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Harvard University Library, Open Collections Program
Women Working, 1800-1930.

Woman in the nineteenth century: and kindred papers relating to the sphere, condition and duties, of woman. Margaret Fuller Ossoli; edited by her brother, Arthur B. Fuller, with an introduction by Horace Greeley.

Boston : J. P. Jewett ; Cleveland, Ohio : Jewett Proctor & Worthington ; New York : Sheldon, Lamport, 1855. 428p.


Margaret Fuller Ossoli. Thomas Wentworth Higginson.

Boston: Houghton, Mifflin, 1884. 323p.


Margaret Fuller (Marchesa Ossoli). by Julia Ward Howe.

Boston: Roberts Bros., 1890. 298p.


Margaret Fuller: a psychological biography. by Katharine Anthony.

New York: Harcourt, Brace and Howe, 1920. 223p.


Women who have ennobled life. by Lilian Whiting.

Philadelphia: The Union Press, 1915. 260 p

Biographies: Browning, Elizabeth Barrett, 1806-1861; Livermore, Mary Ashton Rice, 1820-1905; Alcott, Louisa May, 1832-1888 Fuller, Margaret, 1810-1850; Lyon, Mary, 1797-1849; Stowe, Harriet Beecher, 1811-1896; Willard, Frances Elizabeth, 1839-1898; Hosmer, Harriet Goodhue , 1830-1908; Howe, Julia Ward, 1819-1910.


Last Updated (Thursday, 04 June 2009 14:28)


Margaret Fuller: A New American LifeMegan Marshall’s much-awaited biography of Margaret Fuller is here!

Advance reviewers have already praised Margaret Fuller: A New American Life as “a magnificent biography,” “spectacularly detailed” and written with a “unique intimacy.”  Emerson’s biographer Robert D. Richardson writes, “this is the book Margaret Fuller would have wanted.”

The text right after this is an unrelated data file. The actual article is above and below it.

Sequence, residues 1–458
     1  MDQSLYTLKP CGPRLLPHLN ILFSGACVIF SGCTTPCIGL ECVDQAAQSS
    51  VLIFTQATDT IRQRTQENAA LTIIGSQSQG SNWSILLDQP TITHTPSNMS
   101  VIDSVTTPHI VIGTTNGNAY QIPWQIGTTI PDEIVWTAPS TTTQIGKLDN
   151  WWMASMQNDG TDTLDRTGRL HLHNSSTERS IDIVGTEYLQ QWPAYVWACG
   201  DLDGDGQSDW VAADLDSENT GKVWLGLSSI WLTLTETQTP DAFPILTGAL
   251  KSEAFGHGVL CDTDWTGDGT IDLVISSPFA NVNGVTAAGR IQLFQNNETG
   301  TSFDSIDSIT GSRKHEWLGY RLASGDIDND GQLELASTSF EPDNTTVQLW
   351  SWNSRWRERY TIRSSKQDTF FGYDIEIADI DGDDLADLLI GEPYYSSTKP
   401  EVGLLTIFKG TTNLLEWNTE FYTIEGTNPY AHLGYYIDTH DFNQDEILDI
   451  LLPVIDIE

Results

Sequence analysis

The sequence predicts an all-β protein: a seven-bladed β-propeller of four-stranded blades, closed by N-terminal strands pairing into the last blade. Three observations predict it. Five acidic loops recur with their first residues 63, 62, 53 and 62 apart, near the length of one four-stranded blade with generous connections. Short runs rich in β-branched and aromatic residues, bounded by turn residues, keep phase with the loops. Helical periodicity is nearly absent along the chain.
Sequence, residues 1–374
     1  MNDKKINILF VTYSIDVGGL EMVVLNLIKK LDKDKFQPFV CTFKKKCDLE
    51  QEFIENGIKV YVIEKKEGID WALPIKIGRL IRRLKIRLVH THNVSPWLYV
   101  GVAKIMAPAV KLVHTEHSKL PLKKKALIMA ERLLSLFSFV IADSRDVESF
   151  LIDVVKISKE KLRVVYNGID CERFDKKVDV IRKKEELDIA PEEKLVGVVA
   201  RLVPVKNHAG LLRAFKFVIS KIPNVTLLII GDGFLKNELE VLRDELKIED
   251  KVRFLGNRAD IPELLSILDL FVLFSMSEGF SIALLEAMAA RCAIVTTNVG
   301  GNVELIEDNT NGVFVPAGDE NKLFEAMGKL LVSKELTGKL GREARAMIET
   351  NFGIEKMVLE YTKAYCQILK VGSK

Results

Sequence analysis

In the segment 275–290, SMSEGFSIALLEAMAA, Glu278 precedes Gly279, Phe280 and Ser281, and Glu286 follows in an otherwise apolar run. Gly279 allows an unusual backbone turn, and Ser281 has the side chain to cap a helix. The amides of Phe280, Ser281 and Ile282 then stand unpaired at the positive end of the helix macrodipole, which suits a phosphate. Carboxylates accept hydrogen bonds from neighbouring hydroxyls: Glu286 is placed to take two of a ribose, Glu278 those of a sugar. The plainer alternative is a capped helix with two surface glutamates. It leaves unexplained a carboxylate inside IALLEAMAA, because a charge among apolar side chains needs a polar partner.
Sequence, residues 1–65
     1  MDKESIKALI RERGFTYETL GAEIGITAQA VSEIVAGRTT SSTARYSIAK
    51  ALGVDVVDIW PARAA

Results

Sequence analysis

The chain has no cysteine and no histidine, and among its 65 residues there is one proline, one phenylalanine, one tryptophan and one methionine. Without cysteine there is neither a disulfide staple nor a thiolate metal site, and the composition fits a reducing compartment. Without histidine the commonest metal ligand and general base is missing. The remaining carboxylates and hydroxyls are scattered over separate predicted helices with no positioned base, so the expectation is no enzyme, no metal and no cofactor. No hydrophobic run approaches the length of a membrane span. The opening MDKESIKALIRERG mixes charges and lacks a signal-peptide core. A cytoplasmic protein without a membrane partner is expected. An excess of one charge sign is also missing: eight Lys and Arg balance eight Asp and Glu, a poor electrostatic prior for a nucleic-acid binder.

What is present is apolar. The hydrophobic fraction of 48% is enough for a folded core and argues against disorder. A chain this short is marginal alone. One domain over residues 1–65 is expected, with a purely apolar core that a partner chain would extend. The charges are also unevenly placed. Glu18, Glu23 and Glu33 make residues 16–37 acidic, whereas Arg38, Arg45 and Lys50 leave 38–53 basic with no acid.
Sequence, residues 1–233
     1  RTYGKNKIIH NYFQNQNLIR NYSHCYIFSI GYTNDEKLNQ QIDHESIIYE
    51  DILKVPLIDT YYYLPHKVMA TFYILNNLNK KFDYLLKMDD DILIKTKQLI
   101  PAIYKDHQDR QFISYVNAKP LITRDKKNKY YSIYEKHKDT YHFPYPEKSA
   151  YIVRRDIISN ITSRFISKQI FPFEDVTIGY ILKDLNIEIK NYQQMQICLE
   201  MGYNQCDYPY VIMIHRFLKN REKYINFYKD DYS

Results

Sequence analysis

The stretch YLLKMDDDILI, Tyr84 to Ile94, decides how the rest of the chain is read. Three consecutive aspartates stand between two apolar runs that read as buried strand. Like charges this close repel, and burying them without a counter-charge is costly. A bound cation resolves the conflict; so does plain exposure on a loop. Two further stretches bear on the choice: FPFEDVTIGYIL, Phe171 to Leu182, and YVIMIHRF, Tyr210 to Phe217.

Marshall tells the story of Fuller’s rise to prominence among the Transcendentalists, her vexed relationship with Ralph Waldo Emerson, the flowering of her feminism in New England and her departure for New York to write for Horace Greeley’s Tribune “at home and abroad,” leading to her love affair with Giovanni Ossoli—all with fresh insight and uncommon pathos. Synthesizing the scholarship of recent decades and drawing on her own research finds—a new record of Fuller’s famous Conversations for women, an Emerson letter describing Thoreau’s findings at the site of the fatal shipwreck, an engraving of Rome belonging to Fuller that survived the wreck—Marshall brings our great American heroine to new and vivid life.  If you loved The Peabody Sisters, Marshall’s first award-winning biography, you will love Margaret Fuller.